Communal Dining in in the Roman West explores why the practice of privately sponsored communal dining gained popularity in certain parts of the Western Roman Empire for almost 300 years. This book brings together 350 Latin inscriptions to examine the benefactors and beneficiaries, the geographical and chronological distributions, and the relationship between public and collegial dining practices. It argues that food-related euergetism was a region-specific phenomenon which was rooted in specific social and political cultures in the communities of Italy, Baetica and Africa Proconsularis. The region-specific differences in political cultures and long-term changes in these cultures are key to understanding not only the long persistence of this practice but also its ultimate disappearance.
Die Reihe ist abgeschlossen
This book asks why politically-powerful entities invested in the Amphiareion, a sanctuary renowned for its precarity and dependency. The answer lies in unravelling the intricacies of the shrine’s epigraphical record and the stories about the communities and individuals responsible for creating it. By explaining patterns in inscribed display against the backdrop of broader events and phenomena emerging within central Greece, this book revisits the Amphiareion’s narrative and emphasises its political implications for its neighbours. This interpretation offers new perspectives on the sanctuary and exposes agents’ manipulation of it in the course of reinventing their self-image in a changing Greek world.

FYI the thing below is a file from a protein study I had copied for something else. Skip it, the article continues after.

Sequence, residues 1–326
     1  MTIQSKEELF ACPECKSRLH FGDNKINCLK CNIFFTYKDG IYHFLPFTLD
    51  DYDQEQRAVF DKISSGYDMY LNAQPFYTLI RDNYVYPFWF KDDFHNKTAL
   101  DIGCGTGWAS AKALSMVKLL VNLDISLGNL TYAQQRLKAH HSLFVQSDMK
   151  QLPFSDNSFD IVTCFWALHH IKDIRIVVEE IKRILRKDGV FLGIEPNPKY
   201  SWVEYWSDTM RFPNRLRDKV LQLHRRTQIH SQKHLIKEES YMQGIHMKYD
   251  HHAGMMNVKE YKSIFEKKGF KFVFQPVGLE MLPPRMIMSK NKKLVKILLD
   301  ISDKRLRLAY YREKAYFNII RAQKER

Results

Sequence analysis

Author: Sofia Piacentin
Private property in Rome effectively measures the suitability of each individual to serve in the army and to compete in the political arena. What happens then, when a Roman citizen is deprived of his property? Financial penalties played a crucial role in either discouraging or effectively punishing wrongdoers. This book offers the first coherent discussion of confiscations and fines in the Roman Republic by exploring the political, social, and economic impact of these punishments on private wealth.
This volume provides a review of recent research in Philippi related to archaeology, demography, religion, the New Testament and early Christianity. Careful reading of texts, inscriptions, coins and other archaeological materials allow the reader to examine how religious practice in Philippi changed as the city moved from being a Hellenistic polis to a Roman colony to a center for Christian worship and pilgrimage. The essays raise questions about traditional understandings of material culture in Philippi, and come to conclusions that reflect more complicated and diverse views of the city and its inhabitants.
The goal of this inscription-based study is to shed new light on Hellenistic and Roman Delphi by placing inscribed honours at the front and centre of the investigation. This book provides, for the first time, a comprehensive and coherent discussion of the Delphic gift-giving system, its regional interactions, and its honorific network. It employs both conventional and new scientific methods, including an analysis of quantitative trends in the epigraphic records and a Social Network Analysis (SNA) approach. The volume also addresses a broad spectrum of epigraphic topics and discusses current research questions as well as future perspectives.